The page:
Think about a copier case of paper, which normally has about 10 reams (packs of paper) at about 500 pieces each. You are already at 5,000 pages and over half of a tree was used to create that single box of paper. 

If you work in an administrative office, school, or any other facility heavily reliant on paper usage, the number of trees used to create the paper you are using could be much more than you expect. 

Suddenly, those elementary school teachers telling us not to waste paper don’t seem so off-base. 

Let’s circle back to the amount of paper an average American family throws away a year, just in junk and packaging materials. When it’s all said and done, over a tree and a half is wasted.

What Is Tree-Free Paper Made from?

Using tree-free paper is a great way to work toward the future and sustainable steps. 

Using fewer trees contributes to lessening deforestation, not to mention that some of these tree-free options are pretty darn cool!

CalRecycle informs us that woodless paper sources fall into two categories:

  1. Crops that are specifically intended to produce paper
  2. Residue from agricultural crops also repurposed into paper

If you have been searching for woodless paper options, alternatives to the norm, this section is just for you!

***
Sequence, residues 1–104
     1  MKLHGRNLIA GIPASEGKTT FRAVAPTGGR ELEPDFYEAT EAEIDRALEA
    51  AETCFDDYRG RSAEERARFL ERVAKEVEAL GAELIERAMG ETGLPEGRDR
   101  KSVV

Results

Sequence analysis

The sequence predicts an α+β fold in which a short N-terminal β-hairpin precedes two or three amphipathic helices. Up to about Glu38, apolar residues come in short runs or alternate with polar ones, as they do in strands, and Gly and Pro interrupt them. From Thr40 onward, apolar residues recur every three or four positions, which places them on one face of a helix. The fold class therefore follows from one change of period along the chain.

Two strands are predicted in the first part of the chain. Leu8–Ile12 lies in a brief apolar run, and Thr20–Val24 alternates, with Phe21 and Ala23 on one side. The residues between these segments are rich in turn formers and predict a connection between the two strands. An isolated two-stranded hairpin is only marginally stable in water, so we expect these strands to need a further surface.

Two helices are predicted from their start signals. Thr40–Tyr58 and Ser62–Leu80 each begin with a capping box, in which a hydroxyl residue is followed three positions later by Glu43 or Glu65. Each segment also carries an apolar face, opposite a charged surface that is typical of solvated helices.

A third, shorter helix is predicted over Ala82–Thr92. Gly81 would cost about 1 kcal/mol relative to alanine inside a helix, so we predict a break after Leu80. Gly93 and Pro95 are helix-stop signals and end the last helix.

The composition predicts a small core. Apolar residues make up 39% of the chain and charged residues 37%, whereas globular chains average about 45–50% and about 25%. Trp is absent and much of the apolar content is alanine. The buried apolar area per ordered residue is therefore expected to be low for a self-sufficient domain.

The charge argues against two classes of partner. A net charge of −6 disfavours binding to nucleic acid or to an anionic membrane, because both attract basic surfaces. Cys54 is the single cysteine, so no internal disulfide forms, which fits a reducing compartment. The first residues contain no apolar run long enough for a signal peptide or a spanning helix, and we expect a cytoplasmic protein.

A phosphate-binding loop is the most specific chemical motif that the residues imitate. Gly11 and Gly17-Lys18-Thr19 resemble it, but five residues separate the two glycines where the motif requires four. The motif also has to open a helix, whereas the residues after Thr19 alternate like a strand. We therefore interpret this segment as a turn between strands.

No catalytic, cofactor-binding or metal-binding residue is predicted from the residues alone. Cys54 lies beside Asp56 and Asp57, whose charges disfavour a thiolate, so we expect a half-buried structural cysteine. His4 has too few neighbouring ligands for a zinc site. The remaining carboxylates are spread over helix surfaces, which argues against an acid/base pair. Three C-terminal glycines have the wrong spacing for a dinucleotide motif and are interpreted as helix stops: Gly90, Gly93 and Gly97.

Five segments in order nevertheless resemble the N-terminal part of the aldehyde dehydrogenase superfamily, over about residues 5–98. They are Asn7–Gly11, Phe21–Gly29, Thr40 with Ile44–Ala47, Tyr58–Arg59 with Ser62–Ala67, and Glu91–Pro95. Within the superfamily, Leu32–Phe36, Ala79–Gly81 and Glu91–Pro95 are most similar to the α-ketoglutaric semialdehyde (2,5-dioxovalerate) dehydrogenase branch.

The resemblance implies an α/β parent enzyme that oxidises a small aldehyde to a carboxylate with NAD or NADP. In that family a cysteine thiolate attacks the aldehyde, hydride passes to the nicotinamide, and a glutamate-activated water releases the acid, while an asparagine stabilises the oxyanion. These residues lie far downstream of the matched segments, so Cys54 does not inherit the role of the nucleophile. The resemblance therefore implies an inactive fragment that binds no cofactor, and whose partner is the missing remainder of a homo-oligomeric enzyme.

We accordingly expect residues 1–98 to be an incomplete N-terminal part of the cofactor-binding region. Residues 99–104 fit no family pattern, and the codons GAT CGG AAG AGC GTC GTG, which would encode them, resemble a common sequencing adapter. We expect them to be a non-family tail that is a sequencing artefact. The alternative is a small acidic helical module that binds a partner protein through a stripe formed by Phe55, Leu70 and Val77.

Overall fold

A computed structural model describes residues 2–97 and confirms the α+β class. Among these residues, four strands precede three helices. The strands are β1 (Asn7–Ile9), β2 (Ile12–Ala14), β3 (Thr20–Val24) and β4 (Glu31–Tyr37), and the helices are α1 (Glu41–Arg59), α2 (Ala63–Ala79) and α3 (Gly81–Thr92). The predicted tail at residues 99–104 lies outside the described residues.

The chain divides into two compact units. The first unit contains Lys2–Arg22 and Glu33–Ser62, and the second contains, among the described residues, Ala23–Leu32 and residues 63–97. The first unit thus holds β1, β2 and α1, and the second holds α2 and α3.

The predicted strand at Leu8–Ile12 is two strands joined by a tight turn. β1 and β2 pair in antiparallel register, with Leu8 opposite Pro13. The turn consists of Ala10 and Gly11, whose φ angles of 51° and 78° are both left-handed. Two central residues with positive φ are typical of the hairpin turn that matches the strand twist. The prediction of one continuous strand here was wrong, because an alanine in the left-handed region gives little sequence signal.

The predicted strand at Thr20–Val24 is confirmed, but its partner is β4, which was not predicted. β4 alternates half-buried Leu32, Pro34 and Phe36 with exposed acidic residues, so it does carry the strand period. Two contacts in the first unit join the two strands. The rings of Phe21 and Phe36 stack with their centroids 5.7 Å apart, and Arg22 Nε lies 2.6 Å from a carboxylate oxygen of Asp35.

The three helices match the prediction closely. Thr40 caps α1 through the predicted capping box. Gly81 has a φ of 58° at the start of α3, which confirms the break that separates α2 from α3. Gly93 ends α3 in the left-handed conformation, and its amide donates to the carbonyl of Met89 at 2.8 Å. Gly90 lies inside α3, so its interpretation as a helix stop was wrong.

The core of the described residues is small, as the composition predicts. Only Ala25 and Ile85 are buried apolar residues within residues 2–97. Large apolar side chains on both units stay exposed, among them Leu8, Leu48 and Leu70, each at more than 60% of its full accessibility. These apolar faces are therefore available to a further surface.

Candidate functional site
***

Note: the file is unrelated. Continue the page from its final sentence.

Kenaf 

Hibiscus cannabinus also known as kenaf

This tropical plant was traditionally used for sacks, ropes, and other sorts of cords. Now, however, it is being used as a treeless way to create more paper. 

This plant is also used to create paper’s distant cousin- canvas. This is not surprising, as sacks and canvas have similarly textured patterns, and you can use the fibers in similar ways. 

Kenaf has become more sought after in recent years for its properties and uses beyond paper-making. Only time will tell if this becomes a staple in the paper world.

Hemp 

Hemp has become very popular in recent years for its versatility. 

Seen in everything from soaps and hair care products to being the primary material in backpacks and clothing items, this one does it all, including paper!

Hemp crops grow exponentially quicker than trees do, and they can produce a pulp that results in a similar paper all the same.

The infrastructure has not developed completely, meaning it is a bit more expensive to create paper using hemp. However, this process is so much better for the environment and all the trees involved.

Currently, hemp paper’s use falls under specialty use most often, as opposed to commercial production for things like notebook paper or printer paper. Hopefully, as this option advances, we see hemp paper more readily available.

Straw From Rice, Wheat, Or Rye

More agriculturally focused crops often discard some of the straw growing on parts of the plant. The part humans rarely eat. 

We often give this straw to animals, but there are so many other ways to use this part of the plant. 

The fiber in straw is comparable to that of wood fiber, and the pulp is used to hand-make paper in a unique, eco-friendly manner.

This is not a new concept, however, and is a standard practice already in many Asian countries that emphasize using all of their resources.